Thursday, September 29, 2016

Doily for a Coffee Maker

  September 29th is National Coffee Day in the United States and many other countries. And just two days from that, October 1st is officially International Coffee Day! Of course, I had to make an extra pot of coffee to celebrate this day. And when I did, I noticed a project that I neglected to share! So I dug through my files, found the pictures, and almost deleted them because they are horrible... It was another thunderstorm-y day, so please excuse the lighting.


  I don't think this piece is particularly pretty, and it looks quite weird by itself. But this doily has an important purpose! (I also neglected to write the post about my little "coffee station" over on the other blog, so I'll clue you in here.) One day during a thunderstorm, I sat staring at the bins of my yarn stash that I've shoved against a bad spot in the wall. That stack of mismatched bins... Well now, that didn't look much better! I've also wanted to get my coffee maker off my dinner table for awhile. Would it be possible to turn the stack of bins into a coffee station?

coffee, crochet, free pattern, jute, twine, doily

  It took some work, but... Yes! I was able to stabilize the bins enough to make them safe for the coffee maker. Hidden with a tablecloth held in place with some twine, it looks a little cheesy, but it's better than bins hiding a scratched-up wall. I worried about the heat of the maker on the plastic lid, so I tested it out.(Yay, more coffee!) It got a bit warm over two hours, but not hot. I decided that a heat-shielding doily that could provide some airflow would be good, just in case.

coffee, crochet, free pattern, jute, twine, doily



  I usually record all my patterns in typical form, but this one is more like a photo tutorial. There's no list of materials and I didn't record the gauge or actual size. I just grabbed my twine, a size J/10 - 6.00 MM hook, and a camera, created a rectangular doily that will fit under most 12-cup coffee makers. Although I'm doubtful of how many people will want to make this pattern, I do think the first few rounds of the doily would make some cute coasters. Maybe it will prove to be inspiration for a different project!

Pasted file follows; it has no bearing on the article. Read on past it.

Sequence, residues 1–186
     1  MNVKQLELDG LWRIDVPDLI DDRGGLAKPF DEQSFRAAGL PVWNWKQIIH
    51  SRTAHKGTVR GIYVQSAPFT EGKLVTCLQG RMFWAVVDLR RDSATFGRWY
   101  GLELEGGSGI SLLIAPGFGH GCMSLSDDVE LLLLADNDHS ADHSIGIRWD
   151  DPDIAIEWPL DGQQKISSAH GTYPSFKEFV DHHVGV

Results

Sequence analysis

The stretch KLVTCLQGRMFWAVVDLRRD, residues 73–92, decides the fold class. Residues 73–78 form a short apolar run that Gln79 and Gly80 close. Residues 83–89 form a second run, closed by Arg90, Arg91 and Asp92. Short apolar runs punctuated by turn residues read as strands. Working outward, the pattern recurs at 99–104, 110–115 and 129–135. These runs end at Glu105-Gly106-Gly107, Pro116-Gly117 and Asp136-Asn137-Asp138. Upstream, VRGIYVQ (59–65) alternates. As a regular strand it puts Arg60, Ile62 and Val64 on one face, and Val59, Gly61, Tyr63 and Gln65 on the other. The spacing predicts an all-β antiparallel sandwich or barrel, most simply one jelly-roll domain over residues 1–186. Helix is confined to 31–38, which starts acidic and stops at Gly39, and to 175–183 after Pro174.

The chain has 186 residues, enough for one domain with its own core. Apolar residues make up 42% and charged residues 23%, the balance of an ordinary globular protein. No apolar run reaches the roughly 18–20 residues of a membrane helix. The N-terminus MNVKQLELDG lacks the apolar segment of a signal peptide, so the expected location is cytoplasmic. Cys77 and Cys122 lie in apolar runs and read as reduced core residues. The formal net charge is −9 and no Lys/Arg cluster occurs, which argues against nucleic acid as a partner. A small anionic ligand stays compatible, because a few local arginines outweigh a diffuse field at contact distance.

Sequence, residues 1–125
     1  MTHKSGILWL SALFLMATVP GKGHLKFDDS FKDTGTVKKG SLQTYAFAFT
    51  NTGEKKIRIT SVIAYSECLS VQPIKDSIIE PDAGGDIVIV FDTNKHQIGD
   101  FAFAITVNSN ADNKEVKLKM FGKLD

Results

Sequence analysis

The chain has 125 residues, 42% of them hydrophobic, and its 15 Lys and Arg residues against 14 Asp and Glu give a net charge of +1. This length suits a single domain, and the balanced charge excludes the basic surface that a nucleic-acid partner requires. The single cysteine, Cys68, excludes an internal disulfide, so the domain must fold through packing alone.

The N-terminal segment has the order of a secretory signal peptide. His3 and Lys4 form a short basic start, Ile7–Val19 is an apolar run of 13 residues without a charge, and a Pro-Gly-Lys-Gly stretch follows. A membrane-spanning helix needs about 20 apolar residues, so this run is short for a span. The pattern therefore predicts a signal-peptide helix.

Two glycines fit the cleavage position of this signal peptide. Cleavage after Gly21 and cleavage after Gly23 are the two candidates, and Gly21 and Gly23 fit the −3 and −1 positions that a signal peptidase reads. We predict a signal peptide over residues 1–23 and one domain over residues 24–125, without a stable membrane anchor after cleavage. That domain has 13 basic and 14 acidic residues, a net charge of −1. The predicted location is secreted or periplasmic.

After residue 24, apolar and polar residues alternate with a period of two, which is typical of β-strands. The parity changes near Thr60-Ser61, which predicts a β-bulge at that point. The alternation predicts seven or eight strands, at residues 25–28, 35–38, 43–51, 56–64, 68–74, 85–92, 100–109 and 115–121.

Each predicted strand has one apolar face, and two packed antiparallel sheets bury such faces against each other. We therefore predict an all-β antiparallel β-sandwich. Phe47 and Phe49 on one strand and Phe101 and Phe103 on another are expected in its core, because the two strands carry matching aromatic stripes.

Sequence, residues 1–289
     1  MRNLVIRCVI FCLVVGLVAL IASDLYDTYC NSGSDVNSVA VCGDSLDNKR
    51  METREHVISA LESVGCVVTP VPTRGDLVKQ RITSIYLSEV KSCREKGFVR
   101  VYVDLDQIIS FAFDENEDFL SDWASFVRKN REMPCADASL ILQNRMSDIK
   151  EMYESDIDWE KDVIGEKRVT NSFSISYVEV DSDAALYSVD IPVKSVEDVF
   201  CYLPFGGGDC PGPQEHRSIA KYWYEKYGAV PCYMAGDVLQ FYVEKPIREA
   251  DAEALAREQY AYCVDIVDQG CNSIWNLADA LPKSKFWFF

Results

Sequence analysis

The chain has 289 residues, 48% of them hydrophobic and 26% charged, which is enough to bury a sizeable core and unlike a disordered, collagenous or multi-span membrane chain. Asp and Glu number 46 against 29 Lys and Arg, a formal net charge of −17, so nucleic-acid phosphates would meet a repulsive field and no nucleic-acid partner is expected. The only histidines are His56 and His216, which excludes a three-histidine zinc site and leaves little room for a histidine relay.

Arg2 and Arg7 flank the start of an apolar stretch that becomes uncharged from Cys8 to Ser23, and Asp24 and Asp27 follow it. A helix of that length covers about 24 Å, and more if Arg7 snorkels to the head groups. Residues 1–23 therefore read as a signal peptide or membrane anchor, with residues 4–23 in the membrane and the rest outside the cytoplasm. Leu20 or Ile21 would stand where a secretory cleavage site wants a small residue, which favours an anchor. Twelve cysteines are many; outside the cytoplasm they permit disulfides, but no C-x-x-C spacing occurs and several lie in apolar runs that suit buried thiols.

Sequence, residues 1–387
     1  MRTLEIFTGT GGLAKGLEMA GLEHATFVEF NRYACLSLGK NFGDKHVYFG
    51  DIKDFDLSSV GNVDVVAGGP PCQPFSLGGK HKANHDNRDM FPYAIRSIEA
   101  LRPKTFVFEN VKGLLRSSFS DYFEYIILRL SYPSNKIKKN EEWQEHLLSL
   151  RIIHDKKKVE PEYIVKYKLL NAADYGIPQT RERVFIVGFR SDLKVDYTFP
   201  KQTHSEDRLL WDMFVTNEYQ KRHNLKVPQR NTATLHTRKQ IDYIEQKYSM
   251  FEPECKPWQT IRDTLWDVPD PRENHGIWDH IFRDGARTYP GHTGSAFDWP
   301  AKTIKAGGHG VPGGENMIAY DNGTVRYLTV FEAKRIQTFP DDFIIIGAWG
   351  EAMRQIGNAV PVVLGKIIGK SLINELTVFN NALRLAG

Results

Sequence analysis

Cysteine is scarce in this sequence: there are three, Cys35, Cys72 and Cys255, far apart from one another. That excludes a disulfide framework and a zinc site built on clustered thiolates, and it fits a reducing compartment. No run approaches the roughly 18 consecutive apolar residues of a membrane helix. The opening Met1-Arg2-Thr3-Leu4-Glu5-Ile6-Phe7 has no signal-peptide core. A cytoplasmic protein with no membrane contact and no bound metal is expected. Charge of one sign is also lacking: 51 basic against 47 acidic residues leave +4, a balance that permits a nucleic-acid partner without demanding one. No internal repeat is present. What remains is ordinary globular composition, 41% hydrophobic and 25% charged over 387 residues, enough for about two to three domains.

coffee, crochet, free pattern, jute, twine, doily

  I'm not sure how much material went into the doily, but I started with a 350-ft roll that was partially used, and still had over half of it left when done. A 100-foot (30 m) roll should be enough.

  Most of this pattern consists of single crochet and chain stitches. The half double crochet, double crochet, and triple crochet will also be required for joining. The last round is made of double crochet and chain stitches.

doily, twine, jute, crochet, free pattern
 Begin by chaining 6 and joining into a ring with a slip stitch. Chain 1. Make 11 single crochet in the ring. Not counting the beginning chain-1 as a stitch, join to the first single crochet with a slip stitch.


doily, twine, jute, crochet, free pattern
 Round 2: Chain 1, single crochet in the same space. (Chain 2, single crochet in the next stitch) around. Only chain 1 before the beginning single crochet, and join in that stitch with a single crochet.

For the next round, chain 1, and single crochet in the space made by the joining single crochet.

*Until the last round, each round will begin with (chain 1, single crochet in the joining space).
But the joining stitch will change at the end of the round, so pay attention!
From here until round 6, you will always have 11 chain spaces.

 

doily, twine, jute, crochet, free pattern
 Round 3: (Chain 3, single crochet in the next chain-2 space) around. Chain 1 and join in the beginning chain space with a half-double crochet.